Entertainment Weekly

Stay Connected

Subscribe

Advertise With Us

Learn More

Skip to content

Article

'The Blacklist' finale recap: 'Alexander Kirk: Conclusion'

Posted on

Peter Kramer/NBC

The Blacklist

type:
TV Show
Current Status:
In Season
seasons:
2
run date:
09/23/13
performer:
James Spader
broadcaster:
NBC
genre:
Drama

And everyone thinks I dodged a bullet

But I think I shot the gun

It’s not news that The Blacklist’s soundtracking team is one of the best in the biz. This has been established time and time again, often with Johnny Cash (and once with a George Ezra song that prompted me to create a Pandora station I basically haven’t switched from since I heard it rocked my Blacklist world months ago). But it will be quite some time before I get over the perfect inclusion of Greg Laswell’s “Dodged a Bullet” in the final scenes of Thursday night’s season 3 finale. Given that the chorus above could apply to just about any of our main characters — Red, Tom, Cooper, but most especially, Mr. Kaplan and her backfiring plan — it’s particularly fitting that it repeats itself about 30 times in Mr. Laswell’s track.

Over and over, the most important people in Elizabeth Keen’s life attempt to protect her — keep her out of harm’s way, shield her from her past, keep her off the FBI’s Most Wanted list, give her fancy DC lofts with more exposed brick than she could have possibly dreamed. And over and over again all they seem to do is endanger her more. Because whether it is because of Red or in spite of Red…because of working with the Post Office or in spite of it…because of having a baby with Tom Keen or in spite of it…Liz’s past is coming for her. Many powerful people have gone to many great lengths to protect Liz from a danger they may not even understand, and yet here she is…tied to a chair, looking into Alexander Kirk’s blue eyes that look so much like her own and hearing him say, “Masha — I’m your father.”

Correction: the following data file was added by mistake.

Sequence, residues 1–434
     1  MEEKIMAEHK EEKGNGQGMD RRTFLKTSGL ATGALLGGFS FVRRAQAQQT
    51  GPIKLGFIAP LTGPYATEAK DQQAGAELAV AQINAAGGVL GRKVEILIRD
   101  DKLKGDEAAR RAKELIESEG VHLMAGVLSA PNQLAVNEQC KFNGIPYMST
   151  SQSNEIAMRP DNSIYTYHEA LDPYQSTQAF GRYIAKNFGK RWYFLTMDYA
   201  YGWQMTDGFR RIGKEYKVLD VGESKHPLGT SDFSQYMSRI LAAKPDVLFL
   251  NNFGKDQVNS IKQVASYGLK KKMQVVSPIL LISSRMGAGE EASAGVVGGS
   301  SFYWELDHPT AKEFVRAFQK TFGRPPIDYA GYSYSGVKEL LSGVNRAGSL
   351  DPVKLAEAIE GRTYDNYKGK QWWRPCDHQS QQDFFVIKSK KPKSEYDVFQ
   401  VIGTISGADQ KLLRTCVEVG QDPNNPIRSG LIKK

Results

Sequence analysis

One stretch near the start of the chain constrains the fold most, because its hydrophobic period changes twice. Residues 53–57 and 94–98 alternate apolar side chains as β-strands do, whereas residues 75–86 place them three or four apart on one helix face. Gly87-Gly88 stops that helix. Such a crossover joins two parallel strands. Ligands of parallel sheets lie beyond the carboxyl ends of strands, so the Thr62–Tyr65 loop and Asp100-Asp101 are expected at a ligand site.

I’m not gonna try and make it even

You’re way ahead by now

I’m not gonna try and make it all even

Even though I know how

Oh, I should probably mention…Liz is alive. To which you all yell in unison, “I KNEW IT!!!” Of course we did! And some of us may have even guessed that Alexander Kirk would turn out to be her father (or her uncle or her brother or whoever he turned out to be, I would have assured myself that I knew it all along if the thought had ever spent a fleeting moment in my mind). So, I’m going to borrow a sentiment from the Mr. Kaplan School of Tricky Business here and say that “the how won’t change anything.” How we got to an alive Liz meeting her alleged father — that we had to navigate a real-life maternity leave with a fake-death maternity leave; that we were either shocked by its twists or smug in our correctness; whether we enjoyed being toyed with or were simply biding our time until that middle parted bob graced our screens once more — doesn’t really matter. It matters that we’ve gotten here at all: “Masha, I’m your father.”